cont ribute to aggregate industry productivit y c hanges over time. Additionally, a large number of
studies have documented a strong correlation bet ween Þrm exit and lo w productivit y (Þrm age
is also correlated with exit: younger Þrms have disproportionately high failure rates). Finally,
some studies have also found evidence that reallocations unrelated to entry and exit contribute to
1
Firm age and capital vintage are other importan t explanatory characteristics that hav e been highlighted in some
studies, although their impact may be limited to their eect on productivity.
1

industry productivity growth b y redistributing market shares among incumbent Þrms.
2
A similar
reallocation process has also been studied at a higher level of aggregation: Basu and Fernald
(1997) Þnd that U.S. aggregate productivit y changes across the business cycle are partly driven
b y expenditure reallocations across sectors with dieren t average productivity lev els. The inherent
inabilit y of representative Þrm industry models to explain the contribution of reallocations to
industry performance has prompted the development of a theoretical literature of industry dynamics
that emphasizes the role of Þrm level heterogeneit y. This literature, along with the previously
mentioned empirical evidence, is reviewed in Foster, Haltiwanger and Krizan (1998) and Tybout
(2002).
This paper adapts one of these recen t industry models with heterogeneous Þrms in order to an-
alyze the role of international trade as a catalyst for inter-Þrm reallocations within an industry. It
then describes how these reallocations aect both industry performance and welfare. The business
press often assumes the existenc e of this catalyst role of trade when describing how exposure to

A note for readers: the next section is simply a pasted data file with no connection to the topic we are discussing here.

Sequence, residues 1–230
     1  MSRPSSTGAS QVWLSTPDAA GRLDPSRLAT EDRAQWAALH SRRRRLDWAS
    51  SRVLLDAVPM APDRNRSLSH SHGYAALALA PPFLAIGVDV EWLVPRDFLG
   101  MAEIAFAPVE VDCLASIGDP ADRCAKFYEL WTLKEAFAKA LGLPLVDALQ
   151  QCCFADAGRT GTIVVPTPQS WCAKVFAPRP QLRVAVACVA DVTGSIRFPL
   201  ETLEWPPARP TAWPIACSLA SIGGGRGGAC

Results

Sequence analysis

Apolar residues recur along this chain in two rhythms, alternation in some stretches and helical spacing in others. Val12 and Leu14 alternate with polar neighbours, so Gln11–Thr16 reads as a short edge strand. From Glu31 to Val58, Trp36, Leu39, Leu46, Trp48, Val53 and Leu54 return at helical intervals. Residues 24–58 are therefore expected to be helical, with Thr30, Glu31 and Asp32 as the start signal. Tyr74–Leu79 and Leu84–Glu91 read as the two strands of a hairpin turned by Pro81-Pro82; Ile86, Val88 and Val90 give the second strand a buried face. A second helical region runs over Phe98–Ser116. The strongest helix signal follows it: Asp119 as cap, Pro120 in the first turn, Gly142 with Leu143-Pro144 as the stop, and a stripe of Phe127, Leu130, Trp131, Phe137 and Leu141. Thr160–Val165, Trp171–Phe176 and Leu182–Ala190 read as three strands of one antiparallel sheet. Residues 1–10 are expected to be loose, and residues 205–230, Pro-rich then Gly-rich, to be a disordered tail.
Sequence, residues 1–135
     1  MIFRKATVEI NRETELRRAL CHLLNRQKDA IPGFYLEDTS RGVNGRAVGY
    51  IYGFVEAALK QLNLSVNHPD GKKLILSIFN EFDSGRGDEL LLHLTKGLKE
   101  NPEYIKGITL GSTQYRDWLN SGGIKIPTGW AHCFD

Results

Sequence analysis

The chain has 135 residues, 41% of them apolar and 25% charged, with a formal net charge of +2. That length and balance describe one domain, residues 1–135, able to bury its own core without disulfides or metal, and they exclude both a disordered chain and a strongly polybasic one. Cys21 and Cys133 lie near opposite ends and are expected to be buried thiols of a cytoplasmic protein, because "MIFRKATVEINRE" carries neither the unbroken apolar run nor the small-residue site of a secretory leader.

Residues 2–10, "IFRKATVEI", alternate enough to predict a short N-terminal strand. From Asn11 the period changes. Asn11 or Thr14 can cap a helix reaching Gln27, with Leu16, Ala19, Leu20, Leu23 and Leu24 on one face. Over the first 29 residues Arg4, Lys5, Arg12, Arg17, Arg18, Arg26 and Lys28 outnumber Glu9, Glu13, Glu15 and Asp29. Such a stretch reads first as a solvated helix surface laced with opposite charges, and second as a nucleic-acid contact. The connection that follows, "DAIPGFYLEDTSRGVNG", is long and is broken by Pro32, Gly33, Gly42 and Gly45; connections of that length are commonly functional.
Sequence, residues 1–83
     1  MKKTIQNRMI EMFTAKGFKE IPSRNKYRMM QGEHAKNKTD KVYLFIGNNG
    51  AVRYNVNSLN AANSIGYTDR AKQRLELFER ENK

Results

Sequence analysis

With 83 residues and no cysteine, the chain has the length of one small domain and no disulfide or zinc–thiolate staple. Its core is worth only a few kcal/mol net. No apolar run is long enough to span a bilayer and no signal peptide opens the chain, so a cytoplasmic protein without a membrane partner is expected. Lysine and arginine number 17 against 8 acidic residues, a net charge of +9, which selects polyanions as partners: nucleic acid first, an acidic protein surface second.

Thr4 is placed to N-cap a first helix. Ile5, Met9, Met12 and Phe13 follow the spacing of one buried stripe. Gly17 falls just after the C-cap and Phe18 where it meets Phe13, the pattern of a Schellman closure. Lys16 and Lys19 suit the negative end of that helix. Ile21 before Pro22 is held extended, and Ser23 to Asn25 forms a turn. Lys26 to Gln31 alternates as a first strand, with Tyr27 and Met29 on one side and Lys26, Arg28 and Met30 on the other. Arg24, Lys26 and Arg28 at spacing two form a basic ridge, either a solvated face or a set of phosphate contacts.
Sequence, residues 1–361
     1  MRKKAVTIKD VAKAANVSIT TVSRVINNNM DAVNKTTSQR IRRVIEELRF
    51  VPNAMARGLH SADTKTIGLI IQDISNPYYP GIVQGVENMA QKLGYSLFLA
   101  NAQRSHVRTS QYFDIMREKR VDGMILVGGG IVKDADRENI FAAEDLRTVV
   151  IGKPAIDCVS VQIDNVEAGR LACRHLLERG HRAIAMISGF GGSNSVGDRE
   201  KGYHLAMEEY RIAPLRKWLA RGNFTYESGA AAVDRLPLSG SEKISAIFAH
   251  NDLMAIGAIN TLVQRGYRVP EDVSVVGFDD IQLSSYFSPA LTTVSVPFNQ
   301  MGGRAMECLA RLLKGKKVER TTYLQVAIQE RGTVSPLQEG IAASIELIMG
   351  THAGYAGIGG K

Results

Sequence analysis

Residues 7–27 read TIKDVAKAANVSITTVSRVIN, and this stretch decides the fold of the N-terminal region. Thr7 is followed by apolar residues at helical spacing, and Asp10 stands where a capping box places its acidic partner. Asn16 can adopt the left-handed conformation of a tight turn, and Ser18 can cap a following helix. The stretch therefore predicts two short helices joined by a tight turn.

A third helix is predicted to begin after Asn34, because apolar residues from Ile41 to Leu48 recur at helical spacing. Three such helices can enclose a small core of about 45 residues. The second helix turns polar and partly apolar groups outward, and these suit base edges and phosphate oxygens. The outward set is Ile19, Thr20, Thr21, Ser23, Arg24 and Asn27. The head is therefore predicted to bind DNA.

trade has both enhanced the growth opportunities of some Þrms while simu ltaneously cont ribut-
ing to the down fall or “downsizing” of other Þrms in the same industry. Similarly, protection from
trade is reported to shelter inecient Þrms. Rigorous empirical work has recently corroborated this
anecdotal evidence. Bernard and Jensen (1999a) (for the U.S.), Aw, Ch ung and Roberts (2000) (for
Taiw an), and Clerides, Lach and T ybout (1998) (for Colom bia, Mexico, and Morocco) all Þnd evi-
dence that the causation of the correlation between Þrm productivity and export status runs from
theformertothelatter: moreproductiveÞrms self-select into the export market. Aw, Chung and
Roberts (2000) also Þnd evidence suggesting that exposure to trade forces the least productive Þrms
to exit the industry (Þrms with higher productivity levels relativ e to the incumbent average exit
after the exposure to trade). Both of these selection eects (into the export market and out of the
industry) obviously reallocate market shares from less productive Þrms(whoexit)tomoreproduc-
tive ones (who export) and therefore contribute to industry productivity growth.
3
P av cnik (2002)
directly looks at the contribution of market share reallocations to sectoral productivity growth
follow ing trade liberalization in Chile. She Þnds that these reallocations signiÞcan tly contribute to
productivity growth in the tradable sectors. In a related study, Bernard and Jensen (1999b) Þnd
that within-sector mark et share reallocations towards more productive exporting plants accounts
2